Methods to Route Email in G Suite for Your Organization

This Article explores the various ways to configure mail routing for your organization. Routing is used to configure inbound, outbound, and internal delivery options, such as dual delivery and split delivery.

Methods to Route Email in G Suite for Your Organization

Route incoming email

As a G Suite administrator, you want to control how email for your organization is routed and stored. You can customize routing and delivery to suit your organizational requirements.


You can Route your incoming emails using different delivery methods described here.


Direct Delivery


You may use this method if your organization is exclusively using Gmail. It is the default configuration for incoming emails addressed to G Suite users and delivers emails directly to the respective recipients’ Gmail inboxes. In case an email is addressed to a user who isn't a G Suite user in your organization, the mail server discards the message, unless you have configured a catch-all address to receive misaddressed messages.


Route messages using split delivery


In case of split delivery, an incoming message is delivered to either a Gmail inbox or a legacy server inbox, depending on the recipient.

This method works well if some of your users use Gmail, and others use a different mailing solution. Also, Split delivery works well if you are migrating to Gmail from a legacy mail server and you plan to execute a test with a subset of users. You can set up a catch-all routing rule for unregistered users in order to receive messages.

Set up mail dual delivery

As an administrator, if you need to deliver email messages to 2 or more inboxes, you should set up dual delivery. Users will be receiving messages in a Gmail inbox and a non-Gmail inbox or an external server.


How dual delivery works

In dual delivery, incoming mail is delivered to a primary mail server first. The primary server delivers each message to the inboxes associated with it, then forwards all messages to a secondary mail server. The secondary server delivers the messages to the secondary server inboxes.

The primary server is the mail server identified in the MX records for your domain.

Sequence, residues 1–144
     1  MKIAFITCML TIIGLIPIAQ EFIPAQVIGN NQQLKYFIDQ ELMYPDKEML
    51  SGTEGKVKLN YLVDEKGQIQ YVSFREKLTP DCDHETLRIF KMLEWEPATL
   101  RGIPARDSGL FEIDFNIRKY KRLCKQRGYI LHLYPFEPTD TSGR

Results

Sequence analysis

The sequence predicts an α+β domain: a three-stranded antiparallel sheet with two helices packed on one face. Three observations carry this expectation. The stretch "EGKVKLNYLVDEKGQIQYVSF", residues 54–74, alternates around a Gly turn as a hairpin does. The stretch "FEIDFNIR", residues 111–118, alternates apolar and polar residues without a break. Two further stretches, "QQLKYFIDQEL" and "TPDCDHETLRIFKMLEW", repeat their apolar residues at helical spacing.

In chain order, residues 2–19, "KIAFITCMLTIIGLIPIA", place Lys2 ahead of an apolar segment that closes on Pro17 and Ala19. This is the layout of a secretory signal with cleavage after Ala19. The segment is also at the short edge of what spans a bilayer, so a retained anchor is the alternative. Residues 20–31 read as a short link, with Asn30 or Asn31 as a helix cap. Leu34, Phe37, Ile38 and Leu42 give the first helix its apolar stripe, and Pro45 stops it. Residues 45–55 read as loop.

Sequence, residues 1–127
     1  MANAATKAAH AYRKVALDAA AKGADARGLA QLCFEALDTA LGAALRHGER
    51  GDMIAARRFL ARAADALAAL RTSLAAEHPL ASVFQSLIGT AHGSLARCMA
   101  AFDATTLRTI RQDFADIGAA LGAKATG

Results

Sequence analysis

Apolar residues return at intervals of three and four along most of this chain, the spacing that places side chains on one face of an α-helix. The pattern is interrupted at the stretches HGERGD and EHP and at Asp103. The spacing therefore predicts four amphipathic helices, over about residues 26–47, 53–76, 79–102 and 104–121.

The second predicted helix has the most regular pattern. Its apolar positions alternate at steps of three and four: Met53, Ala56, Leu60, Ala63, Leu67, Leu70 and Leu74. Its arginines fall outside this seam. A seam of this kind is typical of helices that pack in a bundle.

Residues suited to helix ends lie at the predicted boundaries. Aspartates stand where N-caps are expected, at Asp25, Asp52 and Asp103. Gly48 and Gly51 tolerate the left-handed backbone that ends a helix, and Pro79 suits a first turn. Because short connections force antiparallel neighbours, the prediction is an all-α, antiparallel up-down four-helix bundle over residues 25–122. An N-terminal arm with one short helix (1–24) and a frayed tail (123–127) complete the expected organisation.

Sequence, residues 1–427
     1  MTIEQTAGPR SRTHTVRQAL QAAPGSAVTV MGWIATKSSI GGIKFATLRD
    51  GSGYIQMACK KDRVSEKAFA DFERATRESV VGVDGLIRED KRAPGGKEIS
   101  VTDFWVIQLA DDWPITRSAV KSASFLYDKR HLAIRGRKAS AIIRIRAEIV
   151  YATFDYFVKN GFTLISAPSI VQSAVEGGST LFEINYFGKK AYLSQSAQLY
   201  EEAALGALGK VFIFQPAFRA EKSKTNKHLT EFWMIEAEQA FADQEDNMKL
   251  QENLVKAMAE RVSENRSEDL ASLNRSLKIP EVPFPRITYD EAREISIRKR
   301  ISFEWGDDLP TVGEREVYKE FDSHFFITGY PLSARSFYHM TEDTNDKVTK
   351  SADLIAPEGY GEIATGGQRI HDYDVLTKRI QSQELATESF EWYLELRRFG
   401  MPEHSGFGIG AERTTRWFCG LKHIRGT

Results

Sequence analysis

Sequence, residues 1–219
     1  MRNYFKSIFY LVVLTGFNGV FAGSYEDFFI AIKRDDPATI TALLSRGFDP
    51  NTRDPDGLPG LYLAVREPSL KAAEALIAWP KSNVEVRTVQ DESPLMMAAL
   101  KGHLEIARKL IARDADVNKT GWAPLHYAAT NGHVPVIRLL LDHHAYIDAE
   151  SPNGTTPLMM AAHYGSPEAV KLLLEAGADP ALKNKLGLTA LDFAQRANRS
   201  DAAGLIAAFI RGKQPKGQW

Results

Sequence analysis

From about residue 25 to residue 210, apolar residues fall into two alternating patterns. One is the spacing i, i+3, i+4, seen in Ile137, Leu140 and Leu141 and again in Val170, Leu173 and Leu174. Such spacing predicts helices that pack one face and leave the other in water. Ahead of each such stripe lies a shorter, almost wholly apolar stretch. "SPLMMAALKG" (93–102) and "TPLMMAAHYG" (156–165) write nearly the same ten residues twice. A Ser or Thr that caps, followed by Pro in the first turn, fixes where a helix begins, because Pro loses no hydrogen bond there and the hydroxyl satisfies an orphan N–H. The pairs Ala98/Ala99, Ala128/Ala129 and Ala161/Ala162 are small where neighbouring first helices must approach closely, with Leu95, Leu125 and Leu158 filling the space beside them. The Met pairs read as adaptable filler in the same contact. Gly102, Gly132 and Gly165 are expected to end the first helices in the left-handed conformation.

Legacy server as primary server

Use Gmail as the primary server for dual delivery. If in case you use your legacy server as primary, don't update your MX records to Google.


Set up a catch-all address


A catch-all address is created to ensure that messages that are accidentally addressed to an incorrect email address for a domain can still be received.



Route messages to additional recipients


You can configure a routing rule to forward messages to additional recipients. You can make different settings for each user.



Set up non-Gmail mailbox delivery


It can be used to filter for spam and reroute all non-spam messages to your external mail server.

Users can log in to a Message Center and access their clean mail with their on-premise mailbox and have no access to a Gmail mailbox.

All of these settings can be tailored for different people and teams using organizational units.





As an administrator, you can set up a domain-wide routing policy for incoming mails. You can also define delivery routes based on a mail’s content or attachments.


If a mail is routed from a Gmail or G Suite server to an external recipient server and the connection cannot be established due to a time-out, refusal, or 400-series error, the mail will be placed in a queue and retried. Normally a retry attempt is repeatedly made every few minutes.
If you update your settings with a new host while a mail is still being retried, the mail will still be routed to the original server and not to the updated one.
Messages are kept in queue and retried for up to 7 days before they are returned to the sender. If there is a permanent failure such as 500-series error, the mail is instantly rejected.


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